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Galiform (GFRM, 19p), the UK kitchen builder and joinery company, announced last week (26th March, that the CEO Matthew Ingle and the CFO Mark Robson had substantially increased their holdings.

Ingle bought 870,000 shares at 15p and 17p, taking his holding to 2.7m shares, and Robson bought 403,000 shares at 17p, taking his holding to 930,000 shares.

Good news?

If you look at historic cases of two non execs and no non execs transacting, the average relative underperformance since the transaction is -8%. If a non exec joins them, then the historic performance jumps to + 16% (followthedirectors analysis of transactions of 350 directors over last 14 months-unpublished).

I got this one completely wrong in April last year, when Robson bought 132,000 shares at 77p. The stock is down 73% since then, a relative underperformance of 33% (see ‘Housebuilders at a standstill, but galiform directors buying’).

It may simply be that Galiform directors, and the share price, are playing catchup with Barratts. We saw Barratt (BDEV, 126p) directors buying shares in November and December. Barratt shares are up 69% absolute or 60% relative since our comment on January 15th: ‘Barratt- look for buying opportunities.’

I see the Galiform directors purchases as reinforcing a positive view for the housebuilding sector overall.

View on Galiform: Positive.

Reiterate Positive view on Barratt Developments.

Signal strength: Weak (would upgrade if we see a non exec buying shares)

A reader asked me whether the recent share purchases in Robert Walters were significant.

This is my response:

Re Robert Walters Directors Share Purchases.

The share purchases you refer to took place on March 20th and are by CEO Robert Walters, who bought 143,000 shares at 82p taking his holding to 2.3million (excluding any options), COO Giles Daubeney, who bought 48,000 shares at 82p taking his holding to 1.66m, and CFO Alan Bannatyne, who bought 18,000 shares taking his holding to 108,000 shares.

Are these a good indicator of likely future share performance?

Long term (2+ years), I’d say yes.
Walters and Daubeney have a good track record, in that they sold respectively around 4.2m shares at prices between 246p and 360p, and 1.6m shares at between 246p and 368p, over the 16 month period between May 2006 and September 2007. The shares reached a high of 393p in July 2007! (source

So judging on historical performance, you can see these guys got out when the going was good! Does that mean it’s rightfor you and me to be buying the shares now?

First, let’s look at the sales. They took place over 16 months. They were consistent and measured. You’d probably need to assume that the buying by Walters and Daubeney that started in February 2008 might also go on for more than a year.

Secondly, is it possible to call the bottom. No. Walters and Daubeney bought shares at 150-151p in February 2008 (460,000 shares and 216,000 shares respectively).
Walters also paid 90p in November 2008. If you look at the specific purchases from last week, they are a small incremental financial commitment to already significant positions, and therefore do not signal any near term positive news. If they had increased their holdings by 20-30% that would be a different matter.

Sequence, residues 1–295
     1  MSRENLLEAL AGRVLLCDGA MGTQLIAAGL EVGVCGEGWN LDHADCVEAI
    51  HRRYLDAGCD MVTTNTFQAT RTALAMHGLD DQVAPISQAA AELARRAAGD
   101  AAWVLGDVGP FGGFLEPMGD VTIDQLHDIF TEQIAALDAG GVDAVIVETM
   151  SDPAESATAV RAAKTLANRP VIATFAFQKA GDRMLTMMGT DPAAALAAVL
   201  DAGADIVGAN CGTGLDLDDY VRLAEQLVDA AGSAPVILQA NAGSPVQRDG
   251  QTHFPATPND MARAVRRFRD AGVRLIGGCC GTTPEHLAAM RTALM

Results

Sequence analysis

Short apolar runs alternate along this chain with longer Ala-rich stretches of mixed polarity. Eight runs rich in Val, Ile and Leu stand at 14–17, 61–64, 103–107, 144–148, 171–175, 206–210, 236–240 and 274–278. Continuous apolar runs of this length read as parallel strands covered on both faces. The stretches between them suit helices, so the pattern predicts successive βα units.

Thirdly, my analysis of 357 directors transactions over the last 15 months shows that Executive directors transactions have performed pretty much in line with the markets (-1.5% relative), whereas non executive directors have outperformed the market by 6.7 % (relative).

When Executive Directors purchases are supported by Non Executive directors purchases, the relative share performance improves substantially.

So if you are looking to buy shares in Robert Walters, wait for a non executive director purchase to complete the signal.


Simon Winfield

From November 2007 to September 2008, directors of TT Electronics (TTG, 45p, Small Cap)  bought roughly 200,000 shares.

In October 2008 the activity accelerated, with five of the groups seven directors buying over 1.3m shares.

The directors dealing activity exhibited other favourable characteristics such as a significant % increase in shareholdings of the directors who bought shares.

John Newman, Chairman, bought 1.25m shares at 47p taking his holding to 10.8m shares.

Shatish Dasani, CFO, bought 35,000 shares at 48p, taking his holding to 100,000 shares.

Sean Watson, a non executive director, bought 55,000 shares at 46p, taking his holding to 62,000 shares.

David Crowther, another non exec, bought 20,000 shares at 47p, taking his holding to 40,000 shares.

James Armstrong, the Corporate Development Director, bought 21,000 shares at 44p, taking his holding to 71,000 shares.

TT make sensors and systems for the defence, aerospace, automotive markets, as well as telecoms and industrial electronics (company website). 

This rings a bell to remind us of the aggressive directors buying in the engineering stocks (see ’25 directors buy shares in UK engineering companies‘ October 28th           ).

Next news? With a December year end, we may see a pre close statement in the week before Christmas.

View on TT Electronics: POSITIVE- Directors buying shares

Strength of Signal : STRONG– Five directors buying, average incraese in position above 50%, in the region of GBP 500k invested, potential good (reassuring might be more appropriate in these times) news ahead.

The Restaurant Group (RTN, 117p) has outperformed the FT Small Cap by 20%, or the FT All Share by 15% since it was written up here on March 14th : ‘Consumer stocks at risk? Not TRG according to directors‘.